Acaricide resistance is a genetic change (mutation) in individual ticks within a parasite population that allows resistant ticks to survive treatment. Because it is genetically based, resistance to the same chemical group is passed on to the next generation.
There are a number of ways that resistance is expressed. For example, gene mutations that block the active have been shown to be responsible for most resistance to synthetic pyrethroids (SPs) in ticks and it is likely the main mechanism for resistance to amitraz. In contrast, detoxification mechanisms in ticks have been shown to be important for organophosphates (OPs) and to a lesser extent for SPs.
Resistance is heritable, meaning that resistance is passed on from one generation to the next. Repeated use of the same chemical group can cause ongoing selection of the more resistant parasites, as susceptible types are killed. If the relative proportion of resistant ticks in the population increases compared to susceptible ticks, and the resistant ticks come to dominate, then the effectiveness of the chemical to control the parasite will become compromised.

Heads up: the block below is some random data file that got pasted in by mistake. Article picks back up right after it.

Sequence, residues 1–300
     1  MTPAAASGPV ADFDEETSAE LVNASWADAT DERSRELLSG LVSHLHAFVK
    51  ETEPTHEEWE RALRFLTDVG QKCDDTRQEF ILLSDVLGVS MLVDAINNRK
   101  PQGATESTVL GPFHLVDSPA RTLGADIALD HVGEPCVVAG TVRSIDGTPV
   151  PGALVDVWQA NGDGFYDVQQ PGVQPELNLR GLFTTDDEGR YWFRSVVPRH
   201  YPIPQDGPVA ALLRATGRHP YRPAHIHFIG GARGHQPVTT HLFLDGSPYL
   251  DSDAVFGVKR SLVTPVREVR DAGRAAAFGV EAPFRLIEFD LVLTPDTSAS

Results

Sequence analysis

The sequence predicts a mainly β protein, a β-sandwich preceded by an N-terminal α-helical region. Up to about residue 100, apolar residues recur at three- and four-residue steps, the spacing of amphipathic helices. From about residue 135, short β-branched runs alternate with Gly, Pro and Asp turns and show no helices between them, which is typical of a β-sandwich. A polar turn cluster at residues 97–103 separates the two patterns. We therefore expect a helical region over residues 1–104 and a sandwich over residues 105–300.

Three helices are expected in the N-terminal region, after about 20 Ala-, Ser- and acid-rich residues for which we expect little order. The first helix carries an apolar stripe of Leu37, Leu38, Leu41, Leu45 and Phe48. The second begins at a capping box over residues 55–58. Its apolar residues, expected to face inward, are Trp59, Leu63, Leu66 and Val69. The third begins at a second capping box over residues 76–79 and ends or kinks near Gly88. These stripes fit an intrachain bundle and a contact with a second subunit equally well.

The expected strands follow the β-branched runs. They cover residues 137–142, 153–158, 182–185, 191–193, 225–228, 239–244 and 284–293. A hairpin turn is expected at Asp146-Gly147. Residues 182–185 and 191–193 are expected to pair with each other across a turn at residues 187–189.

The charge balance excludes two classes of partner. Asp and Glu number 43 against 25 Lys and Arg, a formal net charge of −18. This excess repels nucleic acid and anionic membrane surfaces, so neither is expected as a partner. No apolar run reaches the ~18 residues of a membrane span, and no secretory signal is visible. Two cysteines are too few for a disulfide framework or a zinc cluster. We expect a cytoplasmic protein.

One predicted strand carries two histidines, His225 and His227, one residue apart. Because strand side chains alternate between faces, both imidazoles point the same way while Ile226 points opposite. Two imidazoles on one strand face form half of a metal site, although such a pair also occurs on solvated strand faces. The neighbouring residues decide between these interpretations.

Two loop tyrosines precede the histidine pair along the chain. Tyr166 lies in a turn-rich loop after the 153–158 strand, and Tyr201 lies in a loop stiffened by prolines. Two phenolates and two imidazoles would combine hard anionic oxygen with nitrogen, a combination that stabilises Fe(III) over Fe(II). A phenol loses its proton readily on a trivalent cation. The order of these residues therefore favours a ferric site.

Importantly, resistance to different chemical groups occurs through different mutations within the ticks. As a result, resistance to one chemical group does not usually equate to resistance to other chemical groups. However, resistance against an active within a chemical group, will confer resistance (though not necessarily to the same extent) to all other actives within the same chemical group. Avoid repetitive use of actives within the same chemical group to reduce the build-up of resistant individuals within populations.